Researchers have been studying traffic and the properties of traffic for as long as there were cars on the city roads. Basically, the models I read about focused on two areas:
"Car follower models" that infer macroscopic traffic flow properties from the behavior of individual driver decision-making.
"Traffic flow models" that study macroscopic traffic flow properties directly, and infer relationships between them.
Note that classical fluid dynamics models (of the kind that study the flow of water in the pipes) are not applicable to traffic flow. Despite that fluid dynamics studies similar properties "such as flow velocity, pressure, density, and temperature, as functions of space and time", cars and molecules of the fluid behave differently. Most notably, cars don't normally push one anther as they collide, so things like Bernoulli principle do not apply, and while liquid in a pipe under pressure accelerates at the bottleneck, car traffic decelerates.
Car follower models
Car follower models basically model behaviors of individial cars (how the drivers accelerate, break, change lanes, and generally "follow" one another"). For example, there's Gipps model and Newell's model. The diagrams like this show individual car tracks:
To illustreate the point I made above, notice how this model simply has "overtaking" as if it has no other effects than a car passing a different car. However, on a congested freeway, there needs to also be space in the other lane for the car to move into it, and subsequently and optionally back into the original lane. So this particular model does not intend to describe lane changes (which is OK; it can have other uses).
However, some other models do. In fact, a system called TRANSIMS mentions that it models behavior on a freeway as a network of agents trying to maximize their uitility, and finds a Nash Equilibrium, which becomes the solution for the steady flow of traffic.
Traffic flow models
Early traffic flow models mostly focused on establishing the relationship between speed, density, and flow. For example, the following diagram could be used to predict, at what speed will the highway reach maximum capacity:
It's reported that early traffic models did not explain spontaneous congestion on freeways (when trere's traffic without any apparent reason). I guess all it took was for freeways to become spontaneously congested in the areas where the researchers worked. :-)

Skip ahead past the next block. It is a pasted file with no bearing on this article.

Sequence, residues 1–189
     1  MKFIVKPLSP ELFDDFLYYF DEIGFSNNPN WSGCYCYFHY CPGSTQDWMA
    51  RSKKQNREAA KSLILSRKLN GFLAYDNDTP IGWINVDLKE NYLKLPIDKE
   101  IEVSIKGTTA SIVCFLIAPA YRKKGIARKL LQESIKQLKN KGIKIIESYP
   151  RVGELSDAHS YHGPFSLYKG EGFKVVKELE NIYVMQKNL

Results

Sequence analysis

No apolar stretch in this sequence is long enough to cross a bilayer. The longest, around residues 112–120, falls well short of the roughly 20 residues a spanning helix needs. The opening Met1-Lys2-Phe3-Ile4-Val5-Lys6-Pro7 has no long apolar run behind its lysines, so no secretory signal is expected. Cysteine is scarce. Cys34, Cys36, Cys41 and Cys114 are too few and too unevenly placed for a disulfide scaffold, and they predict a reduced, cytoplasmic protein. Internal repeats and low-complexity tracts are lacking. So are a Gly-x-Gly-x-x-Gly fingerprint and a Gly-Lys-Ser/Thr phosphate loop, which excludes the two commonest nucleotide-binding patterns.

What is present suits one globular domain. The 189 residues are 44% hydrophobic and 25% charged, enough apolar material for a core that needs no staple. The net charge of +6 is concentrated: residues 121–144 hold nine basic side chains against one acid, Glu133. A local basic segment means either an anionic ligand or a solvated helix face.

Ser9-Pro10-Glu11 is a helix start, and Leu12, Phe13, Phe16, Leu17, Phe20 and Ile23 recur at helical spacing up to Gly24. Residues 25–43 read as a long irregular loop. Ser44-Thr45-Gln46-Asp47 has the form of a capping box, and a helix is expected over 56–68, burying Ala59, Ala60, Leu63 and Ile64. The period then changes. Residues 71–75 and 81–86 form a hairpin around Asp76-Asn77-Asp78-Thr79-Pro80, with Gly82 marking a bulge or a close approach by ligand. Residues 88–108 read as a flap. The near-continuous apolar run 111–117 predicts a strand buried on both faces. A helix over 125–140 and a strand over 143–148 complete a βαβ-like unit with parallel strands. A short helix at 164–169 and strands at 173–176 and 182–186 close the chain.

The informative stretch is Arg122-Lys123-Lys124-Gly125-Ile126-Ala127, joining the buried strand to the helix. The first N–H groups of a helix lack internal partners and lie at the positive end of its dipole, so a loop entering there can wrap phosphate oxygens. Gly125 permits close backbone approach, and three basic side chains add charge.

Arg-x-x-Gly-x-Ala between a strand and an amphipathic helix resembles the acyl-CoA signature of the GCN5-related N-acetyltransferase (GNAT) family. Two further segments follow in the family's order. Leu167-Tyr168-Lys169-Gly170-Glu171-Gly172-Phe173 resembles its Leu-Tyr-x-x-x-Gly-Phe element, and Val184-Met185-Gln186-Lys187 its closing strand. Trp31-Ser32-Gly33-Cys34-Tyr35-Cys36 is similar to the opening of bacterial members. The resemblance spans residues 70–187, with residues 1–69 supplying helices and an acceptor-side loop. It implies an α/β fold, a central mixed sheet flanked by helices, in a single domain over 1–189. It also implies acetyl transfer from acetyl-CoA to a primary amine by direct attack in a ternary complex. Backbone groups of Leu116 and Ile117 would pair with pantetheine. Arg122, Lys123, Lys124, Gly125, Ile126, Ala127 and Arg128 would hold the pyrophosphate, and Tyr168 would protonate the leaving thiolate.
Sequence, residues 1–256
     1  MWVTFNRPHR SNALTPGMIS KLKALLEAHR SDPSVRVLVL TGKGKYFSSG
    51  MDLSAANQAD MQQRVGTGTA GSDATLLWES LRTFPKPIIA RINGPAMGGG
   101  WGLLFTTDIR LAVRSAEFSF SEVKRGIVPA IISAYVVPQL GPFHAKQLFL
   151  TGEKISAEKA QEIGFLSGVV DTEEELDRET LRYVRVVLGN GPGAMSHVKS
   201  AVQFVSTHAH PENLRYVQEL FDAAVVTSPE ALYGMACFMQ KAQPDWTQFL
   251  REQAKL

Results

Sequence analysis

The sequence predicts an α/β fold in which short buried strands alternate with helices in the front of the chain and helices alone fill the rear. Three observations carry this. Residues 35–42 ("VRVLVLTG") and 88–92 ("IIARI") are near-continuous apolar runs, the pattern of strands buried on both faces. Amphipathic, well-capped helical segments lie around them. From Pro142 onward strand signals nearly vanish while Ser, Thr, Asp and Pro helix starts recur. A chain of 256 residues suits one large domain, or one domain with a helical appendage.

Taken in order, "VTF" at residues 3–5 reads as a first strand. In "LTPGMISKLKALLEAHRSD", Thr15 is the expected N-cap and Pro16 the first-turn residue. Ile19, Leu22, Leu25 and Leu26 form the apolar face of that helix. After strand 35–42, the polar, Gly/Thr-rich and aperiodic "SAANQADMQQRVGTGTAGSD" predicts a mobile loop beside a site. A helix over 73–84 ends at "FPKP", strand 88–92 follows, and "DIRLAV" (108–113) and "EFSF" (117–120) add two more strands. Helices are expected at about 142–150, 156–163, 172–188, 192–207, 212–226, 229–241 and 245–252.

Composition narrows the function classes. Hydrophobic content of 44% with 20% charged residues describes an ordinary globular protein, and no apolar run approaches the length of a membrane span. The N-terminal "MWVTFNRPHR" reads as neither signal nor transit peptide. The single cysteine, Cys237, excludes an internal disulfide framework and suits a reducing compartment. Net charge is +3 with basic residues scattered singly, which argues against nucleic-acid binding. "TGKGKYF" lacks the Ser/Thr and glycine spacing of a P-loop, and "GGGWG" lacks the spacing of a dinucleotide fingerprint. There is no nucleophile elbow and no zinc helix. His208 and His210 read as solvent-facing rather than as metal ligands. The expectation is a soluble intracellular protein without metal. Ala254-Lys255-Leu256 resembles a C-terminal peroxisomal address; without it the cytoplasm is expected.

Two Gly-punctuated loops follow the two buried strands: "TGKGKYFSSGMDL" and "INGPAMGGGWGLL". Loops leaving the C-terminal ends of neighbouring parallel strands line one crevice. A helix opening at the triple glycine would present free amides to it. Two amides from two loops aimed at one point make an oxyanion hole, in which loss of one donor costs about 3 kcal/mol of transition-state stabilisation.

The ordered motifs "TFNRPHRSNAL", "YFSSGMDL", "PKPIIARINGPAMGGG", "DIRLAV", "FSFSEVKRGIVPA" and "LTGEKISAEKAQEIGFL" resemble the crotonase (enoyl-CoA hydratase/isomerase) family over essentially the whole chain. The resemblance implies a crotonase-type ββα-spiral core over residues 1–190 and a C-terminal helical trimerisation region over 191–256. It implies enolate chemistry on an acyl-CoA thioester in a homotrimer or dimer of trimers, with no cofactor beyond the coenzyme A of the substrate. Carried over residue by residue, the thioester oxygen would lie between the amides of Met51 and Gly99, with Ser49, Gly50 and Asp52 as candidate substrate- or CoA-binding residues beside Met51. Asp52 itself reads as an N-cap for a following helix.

The discovery of spontaneous traffic breakdown by various people followed (in late 80s-late 90s), and the following law called "Fundamental diagram of traffic flow" was established: as the upstream traffic flow increases, speed downstream increases until it reaches the breaking point, at which both speed and the downstream flow start decreasing with continued increase of the upstream flow. It can be depicted on a neat three-dimensional diagram:
The diagram is borrowed from the "Traffic Stream Characteristics" by Fred L. Hall (pdf here).
My personal takeaway from this
While I'm not a traffic engineer, I set out to try to play with traffic simulations and try to see how I can model my daily commute. While revieweing the literature, it turned out that the field has amassed ample knowledge about highway traffic already, and there are existing open-source simulators (like TRANSIMS) that probably already do it better.
For example, the model I wanted to develop would be very similar to the "Cellular automata model" described on slide 24 in the slide deck by Benjamin Seibold (Temple University); known as Nagel-Steckenberg model.
However, I still wasn't able to find any mention of traffic lane change models. They probably exist; please let me know if you find them!
So I think I'll pull a plug on the simulation and move on to other things. However, I will muse about the lane change modeling and dynamics a bit in the next post, and also tell the story of the 101-92 interchange.
Author Paul Shved
Modified January 2, 2019
License CC BY-SA 3.0